We anticipate that the $132,012 held outside of the trust account as of September 30, 2022, might not be sufficient to allow us to operate until March 5, 2023, the end of the Combination Period and the period we have to consummate an initial business combination, assuming that a business combination is not consummated during that time. Until consummation of our business combination, we will use the funds not held in the trust account, and any additional Working Capital Loans from the initial stockholders, our officers and directors, or their respective affiliates (which is described in Note 5 to our unaudited condensed financial statements), for identifying and evaluating prospective acquisition candidates, performing business due diligence on prospective target businesses, traveling to and from the offices, plants or similar locations of prospective target businesses, reviewing corporate documents and material agreements of prospective target businesses, selecting the target business to acquire and structuring, negotiating and consummating the business combination.

 

We can raise additional capital through Working Capital Loans from the initial stockholders, our officers, directors, or their respective affiliates (which is described in Note 5 to our unaudited condensed financial statements) or through loans from third parties. None of the sponsor, officers or directors are under any obligation to advance funds to, or to invest in us. If we are unable to raise additional capital, it may be required to take additional measures to conserve liquidity, which could include, but not necessarily be limited to, curtailing operations, suspending the pursuit of its business plan, and reducing overhead expenses. We cannot provide any assurance that new financing will be available to it on commercially acceptable terms, if at all. These conditions raise substantial doubt about our ability to continue as a going concern for a reasonable period of time, which is considered to be one year from the issuance date of the financial statements.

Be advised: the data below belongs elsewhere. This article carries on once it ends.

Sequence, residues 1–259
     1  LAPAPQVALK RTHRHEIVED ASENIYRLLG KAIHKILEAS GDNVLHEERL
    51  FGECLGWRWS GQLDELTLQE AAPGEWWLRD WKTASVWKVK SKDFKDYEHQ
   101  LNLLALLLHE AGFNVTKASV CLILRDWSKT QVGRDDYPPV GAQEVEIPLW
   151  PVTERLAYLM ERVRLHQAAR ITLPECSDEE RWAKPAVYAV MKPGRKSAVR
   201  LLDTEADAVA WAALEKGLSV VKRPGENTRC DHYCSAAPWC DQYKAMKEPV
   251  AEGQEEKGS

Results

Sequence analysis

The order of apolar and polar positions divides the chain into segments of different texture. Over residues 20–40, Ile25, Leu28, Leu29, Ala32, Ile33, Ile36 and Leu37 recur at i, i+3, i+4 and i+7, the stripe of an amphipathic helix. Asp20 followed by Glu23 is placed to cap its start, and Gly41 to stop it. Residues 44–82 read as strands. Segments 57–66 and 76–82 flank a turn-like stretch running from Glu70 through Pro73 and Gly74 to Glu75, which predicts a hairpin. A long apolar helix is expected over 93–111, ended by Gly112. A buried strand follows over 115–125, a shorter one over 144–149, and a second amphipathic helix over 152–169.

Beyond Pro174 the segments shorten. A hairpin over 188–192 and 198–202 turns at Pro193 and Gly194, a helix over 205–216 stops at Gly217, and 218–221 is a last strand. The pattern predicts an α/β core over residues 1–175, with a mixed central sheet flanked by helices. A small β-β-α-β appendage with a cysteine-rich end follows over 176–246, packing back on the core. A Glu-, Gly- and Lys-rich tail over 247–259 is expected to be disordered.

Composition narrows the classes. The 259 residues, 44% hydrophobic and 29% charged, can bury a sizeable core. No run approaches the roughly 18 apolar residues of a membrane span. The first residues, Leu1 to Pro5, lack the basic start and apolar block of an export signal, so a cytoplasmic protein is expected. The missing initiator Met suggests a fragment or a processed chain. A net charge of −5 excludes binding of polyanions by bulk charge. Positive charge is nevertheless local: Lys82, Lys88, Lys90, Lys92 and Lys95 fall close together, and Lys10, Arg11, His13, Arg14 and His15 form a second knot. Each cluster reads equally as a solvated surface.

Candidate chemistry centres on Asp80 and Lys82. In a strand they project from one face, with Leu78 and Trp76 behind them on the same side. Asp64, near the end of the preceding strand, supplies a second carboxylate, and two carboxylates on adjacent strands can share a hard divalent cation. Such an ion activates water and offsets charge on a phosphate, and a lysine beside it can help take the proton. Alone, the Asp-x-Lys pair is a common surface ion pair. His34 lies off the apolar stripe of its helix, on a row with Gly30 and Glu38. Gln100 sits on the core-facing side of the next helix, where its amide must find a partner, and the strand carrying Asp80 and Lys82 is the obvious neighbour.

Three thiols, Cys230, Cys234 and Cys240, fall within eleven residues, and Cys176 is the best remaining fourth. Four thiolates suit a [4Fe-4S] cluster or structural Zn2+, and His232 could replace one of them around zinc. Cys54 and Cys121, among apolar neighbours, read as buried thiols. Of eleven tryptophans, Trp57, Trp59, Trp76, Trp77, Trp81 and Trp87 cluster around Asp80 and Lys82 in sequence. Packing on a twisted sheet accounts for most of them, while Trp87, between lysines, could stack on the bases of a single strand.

Our Combination Period is until March 5, 2023, meaning we have 24 months from the closing of the IPO, to consummate a business combination. However, if we are unable to complete a business combination within the Combination Period, we will redeem 100% of the outstanding public shares for a pro rata portion of the funds held in the trust account, equal to the aggregate amount then on deposit in the trust account including interest earned on the funds held in the trust account and not previously released to us, divided by the number of then outstanding public shares, subject to applicable law and as further described in the registration statement, and then seek to dissolve and liquidate. There is a possibility that a business combination might not happen within the Combination Period.

 

21

 

  

Contractual Obligations

 

As of September 30, 2022 and December 31, 2021, we did not have any long-term debt, capital or operating lease obligations.